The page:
Restaurants add service charges into bills, so you should tip only if the service has been superior. Most cloakrooms and left-luggage rooms post fixed charges (avgift) for their services, but some do not, so you must ask what is expected. Porters at airports will tell you their charges upon request. Taxi drivers, barbers, hairdressers and others who provide personal services do not expect tips, but you can round off a bill upwards to the nearest NOK10 if you feel you have been well served. Doormen usually expect tips for services provided, such as for calling or hailing a taxi. Rates vary widely, by location – city or town – and by service – hotel or entertainment, so your best guide to tipping tradition is to ask someone who has been to the place before. (p. 84)

The authors are right on (at least, according to my experience) about taxi drivers and barbers, and although I’ve never stayed in a place with a doorman, I’m sure they know what they’re talking about there too. But even though asking straight out is probably the only reasonable solution to an awkward and potentially embarrassing situation, I have a feeling that Norwegians, known for being somewhat conflict averse, might not tell you directly that they expect to be tipped. I’ve experienced this in Norway, and even here in Minnesota (sometimes people will tell me “you can leave a tip if you want to” which is just a polite way of saying, “please tip me.”) I would amend their last piece of advice, and say that you should ask someone who is from the place, preferably a native Norwegian, or at least someone who’s lived there a long time, rather than another foreign tourist, who’s likely just as confused as the rest of us.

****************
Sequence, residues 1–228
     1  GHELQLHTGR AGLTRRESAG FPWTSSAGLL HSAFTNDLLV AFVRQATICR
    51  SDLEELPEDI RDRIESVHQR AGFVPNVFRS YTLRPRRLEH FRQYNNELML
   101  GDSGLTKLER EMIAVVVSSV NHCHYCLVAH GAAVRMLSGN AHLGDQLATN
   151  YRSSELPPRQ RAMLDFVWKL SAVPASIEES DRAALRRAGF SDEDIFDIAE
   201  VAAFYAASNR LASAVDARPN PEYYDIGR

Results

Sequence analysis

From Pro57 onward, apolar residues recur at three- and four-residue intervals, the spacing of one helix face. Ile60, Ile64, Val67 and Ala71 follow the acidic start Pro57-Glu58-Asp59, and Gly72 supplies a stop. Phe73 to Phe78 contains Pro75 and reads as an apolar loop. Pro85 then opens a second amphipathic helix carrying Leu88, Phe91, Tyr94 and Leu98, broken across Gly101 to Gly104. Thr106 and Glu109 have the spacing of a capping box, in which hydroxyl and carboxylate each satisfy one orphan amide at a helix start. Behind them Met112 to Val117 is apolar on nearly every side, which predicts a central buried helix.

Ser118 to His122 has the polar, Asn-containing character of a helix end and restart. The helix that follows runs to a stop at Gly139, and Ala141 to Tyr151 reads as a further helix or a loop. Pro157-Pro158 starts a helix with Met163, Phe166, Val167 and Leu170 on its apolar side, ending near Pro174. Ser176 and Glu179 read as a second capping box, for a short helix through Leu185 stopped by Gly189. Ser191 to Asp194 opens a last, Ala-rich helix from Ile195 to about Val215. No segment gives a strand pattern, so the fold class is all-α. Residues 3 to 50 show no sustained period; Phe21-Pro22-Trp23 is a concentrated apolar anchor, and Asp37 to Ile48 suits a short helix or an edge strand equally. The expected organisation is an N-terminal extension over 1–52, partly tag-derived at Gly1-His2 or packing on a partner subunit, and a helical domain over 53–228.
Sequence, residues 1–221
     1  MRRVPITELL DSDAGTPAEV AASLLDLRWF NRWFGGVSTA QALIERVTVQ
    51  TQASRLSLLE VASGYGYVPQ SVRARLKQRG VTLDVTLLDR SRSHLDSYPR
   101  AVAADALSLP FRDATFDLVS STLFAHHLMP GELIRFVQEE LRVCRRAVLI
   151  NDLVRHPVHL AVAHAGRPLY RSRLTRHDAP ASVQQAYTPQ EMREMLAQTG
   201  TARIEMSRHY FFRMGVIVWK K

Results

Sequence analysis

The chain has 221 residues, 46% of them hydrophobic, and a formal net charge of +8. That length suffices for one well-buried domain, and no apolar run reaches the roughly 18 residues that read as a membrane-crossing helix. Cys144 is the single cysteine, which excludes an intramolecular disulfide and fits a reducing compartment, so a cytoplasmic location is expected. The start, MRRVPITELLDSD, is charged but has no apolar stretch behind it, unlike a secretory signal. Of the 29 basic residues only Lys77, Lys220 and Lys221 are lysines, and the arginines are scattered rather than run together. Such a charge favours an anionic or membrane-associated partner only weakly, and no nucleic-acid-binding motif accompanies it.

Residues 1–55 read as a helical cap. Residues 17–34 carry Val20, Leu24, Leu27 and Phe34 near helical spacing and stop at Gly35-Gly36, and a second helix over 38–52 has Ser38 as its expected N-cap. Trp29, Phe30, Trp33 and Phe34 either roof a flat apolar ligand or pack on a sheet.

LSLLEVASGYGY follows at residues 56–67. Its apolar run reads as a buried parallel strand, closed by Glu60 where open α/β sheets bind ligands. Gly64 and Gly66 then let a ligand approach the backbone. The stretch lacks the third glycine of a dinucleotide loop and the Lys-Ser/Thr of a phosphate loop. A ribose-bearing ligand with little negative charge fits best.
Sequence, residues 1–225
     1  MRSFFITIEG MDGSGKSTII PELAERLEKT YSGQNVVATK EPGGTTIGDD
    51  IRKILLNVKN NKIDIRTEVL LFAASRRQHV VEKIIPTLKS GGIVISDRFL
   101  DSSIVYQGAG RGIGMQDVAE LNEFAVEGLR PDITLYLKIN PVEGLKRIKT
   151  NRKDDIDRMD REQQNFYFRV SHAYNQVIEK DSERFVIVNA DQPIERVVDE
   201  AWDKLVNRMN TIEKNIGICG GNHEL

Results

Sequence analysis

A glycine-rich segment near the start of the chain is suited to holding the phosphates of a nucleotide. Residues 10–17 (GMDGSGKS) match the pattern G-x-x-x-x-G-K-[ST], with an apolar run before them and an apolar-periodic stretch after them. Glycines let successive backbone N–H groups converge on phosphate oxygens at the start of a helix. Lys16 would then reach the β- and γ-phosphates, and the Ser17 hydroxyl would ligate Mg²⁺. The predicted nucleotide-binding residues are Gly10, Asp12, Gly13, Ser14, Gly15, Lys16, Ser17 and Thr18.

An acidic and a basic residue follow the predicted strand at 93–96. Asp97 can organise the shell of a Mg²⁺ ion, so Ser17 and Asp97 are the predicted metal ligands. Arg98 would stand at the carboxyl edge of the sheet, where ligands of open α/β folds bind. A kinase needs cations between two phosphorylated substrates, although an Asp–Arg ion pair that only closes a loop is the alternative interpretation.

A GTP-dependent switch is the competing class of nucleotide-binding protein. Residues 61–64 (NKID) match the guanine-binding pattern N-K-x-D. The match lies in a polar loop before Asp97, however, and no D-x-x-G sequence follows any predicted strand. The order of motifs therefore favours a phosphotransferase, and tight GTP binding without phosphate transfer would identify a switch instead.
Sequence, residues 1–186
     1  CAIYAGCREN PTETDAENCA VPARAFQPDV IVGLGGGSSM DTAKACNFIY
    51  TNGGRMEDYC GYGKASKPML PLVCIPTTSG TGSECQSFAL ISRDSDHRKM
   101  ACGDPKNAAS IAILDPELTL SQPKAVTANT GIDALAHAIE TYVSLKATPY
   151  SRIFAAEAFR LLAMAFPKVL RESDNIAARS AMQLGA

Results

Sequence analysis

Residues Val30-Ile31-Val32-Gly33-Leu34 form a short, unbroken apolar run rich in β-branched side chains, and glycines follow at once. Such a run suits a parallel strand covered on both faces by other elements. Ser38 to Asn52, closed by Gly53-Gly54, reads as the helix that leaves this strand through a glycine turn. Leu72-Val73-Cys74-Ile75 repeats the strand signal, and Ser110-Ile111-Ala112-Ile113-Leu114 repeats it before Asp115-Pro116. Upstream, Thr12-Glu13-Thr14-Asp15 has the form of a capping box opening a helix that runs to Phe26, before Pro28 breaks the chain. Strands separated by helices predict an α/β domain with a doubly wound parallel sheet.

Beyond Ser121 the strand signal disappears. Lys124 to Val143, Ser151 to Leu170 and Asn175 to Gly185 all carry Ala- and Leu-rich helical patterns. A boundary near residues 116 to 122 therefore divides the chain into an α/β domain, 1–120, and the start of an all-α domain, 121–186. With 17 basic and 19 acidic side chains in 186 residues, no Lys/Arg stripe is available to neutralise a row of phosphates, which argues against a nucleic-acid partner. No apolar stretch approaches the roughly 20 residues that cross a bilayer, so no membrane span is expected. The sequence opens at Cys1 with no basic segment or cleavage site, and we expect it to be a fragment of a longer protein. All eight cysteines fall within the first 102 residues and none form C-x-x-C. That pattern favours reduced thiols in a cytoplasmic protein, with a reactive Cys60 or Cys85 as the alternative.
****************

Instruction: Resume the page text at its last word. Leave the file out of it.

Since we’re on the topic, here’s a quick, interesting piece about tipping in American culture. Drawing on a large body of social science research, the author argues that the amount we tip has very little to do with the quality of service. Instead, he contends, it has to do with whether or not we like the server and how much we want them to like us. If this author has it right, I wonder what the absence of tipping says about Norwegian society?